Years ago I had a best friend, my last best friend. His name was Josh Clayton-Felt. We went to high school together on the east coast and both moved out to LA in the late 80’s. Together we formed a band called The Boon. I intend to write extensively about this in the future but the short story is that the band broke up and I lost Josh, first to indie rock fame, and then to an untimely death from cancer at the age of 33. Last year my Olympian collaborator and I recorded one of Josh’s unreleased demos called “Time” for a tribute album which never came to fruition. I’ve been feeling Josh’s spirit with me very intensely since November and, standing there on the Chokmah Mound with Olympia’s homegrown genius struggling through his dark night of the soul at my side, I knew that, whether by memory or spirit, Josh was present and I was glad to have him here as a part of all of this.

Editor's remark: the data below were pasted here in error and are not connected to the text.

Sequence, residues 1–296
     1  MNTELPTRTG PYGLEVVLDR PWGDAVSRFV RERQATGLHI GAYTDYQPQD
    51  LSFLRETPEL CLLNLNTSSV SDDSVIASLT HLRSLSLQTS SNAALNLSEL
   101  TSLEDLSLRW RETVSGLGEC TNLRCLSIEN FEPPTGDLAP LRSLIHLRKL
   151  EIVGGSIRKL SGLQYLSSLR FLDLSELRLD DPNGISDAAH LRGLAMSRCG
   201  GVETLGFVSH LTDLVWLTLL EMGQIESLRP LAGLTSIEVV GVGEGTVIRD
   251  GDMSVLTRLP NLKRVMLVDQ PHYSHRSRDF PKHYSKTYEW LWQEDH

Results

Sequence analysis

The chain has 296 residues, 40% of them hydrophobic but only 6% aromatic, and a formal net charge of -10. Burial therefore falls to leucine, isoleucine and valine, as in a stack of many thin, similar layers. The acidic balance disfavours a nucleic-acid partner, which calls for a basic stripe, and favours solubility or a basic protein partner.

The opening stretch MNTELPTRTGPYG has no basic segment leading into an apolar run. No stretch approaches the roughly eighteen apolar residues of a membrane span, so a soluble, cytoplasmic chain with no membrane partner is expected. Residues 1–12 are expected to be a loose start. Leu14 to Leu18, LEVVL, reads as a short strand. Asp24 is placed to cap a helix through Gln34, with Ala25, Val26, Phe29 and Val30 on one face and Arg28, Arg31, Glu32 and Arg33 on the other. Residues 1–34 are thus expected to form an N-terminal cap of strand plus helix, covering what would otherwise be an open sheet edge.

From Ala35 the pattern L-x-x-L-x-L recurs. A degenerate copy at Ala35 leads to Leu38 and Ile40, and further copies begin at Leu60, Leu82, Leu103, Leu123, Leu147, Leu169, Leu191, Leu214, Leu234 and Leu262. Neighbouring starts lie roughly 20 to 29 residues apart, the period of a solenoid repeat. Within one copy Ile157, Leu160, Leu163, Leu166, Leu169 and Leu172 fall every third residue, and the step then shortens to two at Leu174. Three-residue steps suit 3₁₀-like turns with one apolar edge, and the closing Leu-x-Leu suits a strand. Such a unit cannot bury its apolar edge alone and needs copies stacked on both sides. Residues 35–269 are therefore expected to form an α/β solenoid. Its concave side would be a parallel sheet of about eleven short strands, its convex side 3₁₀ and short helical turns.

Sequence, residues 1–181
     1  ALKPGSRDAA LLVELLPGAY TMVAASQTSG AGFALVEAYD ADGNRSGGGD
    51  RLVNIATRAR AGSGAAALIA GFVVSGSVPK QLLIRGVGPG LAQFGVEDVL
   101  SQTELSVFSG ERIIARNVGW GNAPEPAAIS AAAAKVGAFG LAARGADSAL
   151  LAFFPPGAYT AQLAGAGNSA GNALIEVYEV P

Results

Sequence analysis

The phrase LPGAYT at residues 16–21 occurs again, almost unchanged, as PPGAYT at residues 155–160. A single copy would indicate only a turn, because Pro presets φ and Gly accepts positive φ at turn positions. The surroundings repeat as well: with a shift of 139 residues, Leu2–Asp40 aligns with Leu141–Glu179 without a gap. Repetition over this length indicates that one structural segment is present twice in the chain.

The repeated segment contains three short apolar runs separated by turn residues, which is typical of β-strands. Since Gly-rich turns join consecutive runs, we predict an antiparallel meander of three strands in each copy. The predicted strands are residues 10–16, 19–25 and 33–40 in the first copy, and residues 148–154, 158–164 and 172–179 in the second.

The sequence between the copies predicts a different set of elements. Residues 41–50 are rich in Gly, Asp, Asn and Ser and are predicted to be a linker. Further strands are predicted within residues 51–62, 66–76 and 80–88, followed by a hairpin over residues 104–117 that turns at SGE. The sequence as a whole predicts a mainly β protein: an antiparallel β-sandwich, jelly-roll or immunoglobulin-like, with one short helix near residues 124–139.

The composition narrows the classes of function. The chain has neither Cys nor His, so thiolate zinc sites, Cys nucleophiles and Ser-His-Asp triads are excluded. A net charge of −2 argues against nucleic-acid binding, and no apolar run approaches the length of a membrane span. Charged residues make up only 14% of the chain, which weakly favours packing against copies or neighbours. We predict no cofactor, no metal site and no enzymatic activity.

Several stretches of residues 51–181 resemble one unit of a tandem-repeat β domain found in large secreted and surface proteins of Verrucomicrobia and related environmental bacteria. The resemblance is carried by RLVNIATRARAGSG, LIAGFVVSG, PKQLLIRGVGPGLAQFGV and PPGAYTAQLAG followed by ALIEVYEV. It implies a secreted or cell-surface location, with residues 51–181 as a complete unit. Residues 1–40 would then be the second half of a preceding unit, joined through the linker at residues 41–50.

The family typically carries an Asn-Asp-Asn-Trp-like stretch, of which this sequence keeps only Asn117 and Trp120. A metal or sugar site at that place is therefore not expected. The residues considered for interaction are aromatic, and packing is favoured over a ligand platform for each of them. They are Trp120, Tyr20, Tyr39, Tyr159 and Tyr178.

After the walk I took my still-depressed and suicidal friend home and left him to percolate on the experience. The next day I felt exhausted and almost sick. I’ve known lots of healer types and they always talk about the tremendous energy it takes to hold space for another person’s healing. While I haven’t doubted them, I’ve never experienced it, nor did I think I’d ever have to. I’m not a healer after all, I’m an artist, but I’m finding that these are not mutually exclusive pursuits; in fact, one may lead to the other as a natural progression.